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View Full Version : Major bummer !!!!


handgun357
January 14, 2001, 01:11 AM
Hit a nice 8 point with my bow and deer ran onto another property. Owners would not give me permission to retrieve.
Got 2 deer with shotgun.
Got 1 with muzzleloader.
Twisted my knee at work and missed last week of muzzleloader and all of late archery.
Even though I got 3 deer this year, I did not get to finish the season in the way I am acustomed to. You know, hunting up to the last possible minute. I'm not sure why I'm whining, there is always next season!!!!!!!

BadMedicine
January 14, 2001, 01:52 AM
Call the game wardens/sherriff/cops in the area.
They should be able to go talk with the people and allow you to go get it. I don't know the rules in all areas, but in most places any game you take is your property. If the deer ran in there and died it is your game. Might take some work, but these morons shouldn't be able to keep it from you. Even if they will not let you in, they should have to bring it out for you.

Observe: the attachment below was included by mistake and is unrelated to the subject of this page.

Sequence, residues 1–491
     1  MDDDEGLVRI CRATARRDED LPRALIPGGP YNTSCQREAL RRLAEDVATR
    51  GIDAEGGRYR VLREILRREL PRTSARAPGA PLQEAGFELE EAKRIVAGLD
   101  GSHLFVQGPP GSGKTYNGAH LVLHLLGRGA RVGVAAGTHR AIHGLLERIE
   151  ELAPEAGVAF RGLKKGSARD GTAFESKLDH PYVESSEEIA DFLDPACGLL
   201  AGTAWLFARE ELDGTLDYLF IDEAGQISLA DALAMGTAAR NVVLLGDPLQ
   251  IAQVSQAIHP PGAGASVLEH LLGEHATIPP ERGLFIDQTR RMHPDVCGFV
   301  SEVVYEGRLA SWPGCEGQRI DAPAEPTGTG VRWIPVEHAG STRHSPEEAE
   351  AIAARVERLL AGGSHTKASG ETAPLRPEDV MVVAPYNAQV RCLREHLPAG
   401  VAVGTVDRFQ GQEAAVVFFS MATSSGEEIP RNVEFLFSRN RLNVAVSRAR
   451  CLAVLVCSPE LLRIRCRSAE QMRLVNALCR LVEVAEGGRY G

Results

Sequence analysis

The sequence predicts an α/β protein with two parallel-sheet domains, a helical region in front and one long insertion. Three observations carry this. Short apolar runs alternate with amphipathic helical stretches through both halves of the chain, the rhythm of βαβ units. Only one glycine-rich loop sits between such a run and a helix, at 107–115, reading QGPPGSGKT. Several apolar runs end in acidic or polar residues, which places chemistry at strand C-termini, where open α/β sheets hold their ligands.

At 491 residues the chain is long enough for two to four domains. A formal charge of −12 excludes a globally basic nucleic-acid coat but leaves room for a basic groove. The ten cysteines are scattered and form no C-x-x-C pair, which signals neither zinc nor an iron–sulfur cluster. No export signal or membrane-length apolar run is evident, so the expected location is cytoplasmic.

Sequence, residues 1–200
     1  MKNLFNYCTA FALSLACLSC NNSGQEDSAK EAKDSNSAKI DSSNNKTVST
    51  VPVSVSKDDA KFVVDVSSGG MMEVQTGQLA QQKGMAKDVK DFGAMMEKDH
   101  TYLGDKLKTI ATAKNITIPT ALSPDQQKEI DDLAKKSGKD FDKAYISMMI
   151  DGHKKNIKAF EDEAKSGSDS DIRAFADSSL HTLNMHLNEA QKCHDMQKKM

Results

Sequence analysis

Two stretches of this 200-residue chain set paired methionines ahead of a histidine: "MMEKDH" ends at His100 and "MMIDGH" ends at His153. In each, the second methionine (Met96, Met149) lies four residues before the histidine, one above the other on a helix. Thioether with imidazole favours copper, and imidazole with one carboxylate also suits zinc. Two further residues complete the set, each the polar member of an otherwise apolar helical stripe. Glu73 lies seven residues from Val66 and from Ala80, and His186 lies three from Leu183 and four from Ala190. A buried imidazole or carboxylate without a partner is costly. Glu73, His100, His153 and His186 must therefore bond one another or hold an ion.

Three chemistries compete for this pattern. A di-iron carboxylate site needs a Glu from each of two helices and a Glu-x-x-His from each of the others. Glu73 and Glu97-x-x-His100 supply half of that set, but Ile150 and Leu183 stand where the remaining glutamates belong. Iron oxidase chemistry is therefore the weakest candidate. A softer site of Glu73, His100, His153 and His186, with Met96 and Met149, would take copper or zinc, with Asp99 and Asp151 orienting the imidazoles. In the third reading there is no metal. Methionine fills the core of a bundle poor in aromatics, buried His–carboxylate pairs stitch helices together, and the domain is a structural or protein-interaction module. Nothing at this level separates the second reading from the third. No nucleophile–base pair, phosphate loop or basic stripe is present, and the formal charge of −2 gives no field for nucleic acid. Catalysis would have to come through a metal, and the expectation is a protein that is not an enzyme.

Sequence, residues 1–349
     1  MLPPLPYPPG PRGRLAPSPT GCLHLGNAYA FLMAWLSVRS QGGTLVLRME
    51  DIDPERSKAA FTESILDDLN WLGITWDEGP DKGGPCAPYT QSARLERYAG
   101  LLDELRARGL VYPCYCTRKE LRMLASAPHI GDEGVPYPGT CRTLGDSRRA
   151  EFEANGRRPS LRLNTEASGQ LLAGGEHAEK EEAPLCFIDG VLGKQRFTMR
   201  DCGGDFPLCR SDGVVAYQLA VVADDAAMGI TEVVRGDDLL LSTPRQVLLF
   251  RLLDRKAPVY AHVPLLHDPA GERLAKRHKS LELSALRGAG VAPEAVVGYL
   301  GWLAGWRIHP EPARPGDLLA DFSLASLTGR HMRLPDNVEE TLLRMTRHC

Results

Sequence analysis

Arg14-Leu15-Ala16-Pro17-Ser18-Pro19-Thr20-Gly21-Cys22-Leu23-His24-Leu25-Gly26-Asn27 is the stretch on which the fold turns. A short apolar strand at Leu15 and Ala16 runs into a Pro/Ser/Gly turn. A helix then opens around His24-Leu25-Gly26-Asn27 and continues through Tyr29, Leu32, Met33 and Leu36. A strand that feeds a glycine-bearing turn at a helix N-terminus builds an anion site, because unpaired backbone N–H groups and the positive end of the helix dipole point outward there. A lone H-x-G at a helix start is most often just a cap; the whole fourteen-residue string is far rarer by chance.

Why did you ask in the first place? Was it right next to their home? Out in the woods, if a wounded animal crosses a fence, so do I. You wounded it, and your first moral obligation is to put it down. But that's just me, I would understand if it ran into some tree-huggers front yard, and died in front of their vegitarian children.

Anyways, I think I would pursue this anyway I could. Good Luck.

PJR
January 14, 2001, 07:51 AM
From my perspective handgun357 did the right thing by asking permission and once that permission was denied his moral obligation came to an end. Going on property without permission even if the purpose is to recover an animal is very ill advised.

If I came across someone armed and in full hunting dress on my land they would be regarded as trespassing pure and simple. And I've heard the "well I wounded an animal and was just looking for it." Maybe it was true and maybe it wasn't. I've had too many times when hunters came on my place illegally to give anyone the benefit of the doubt.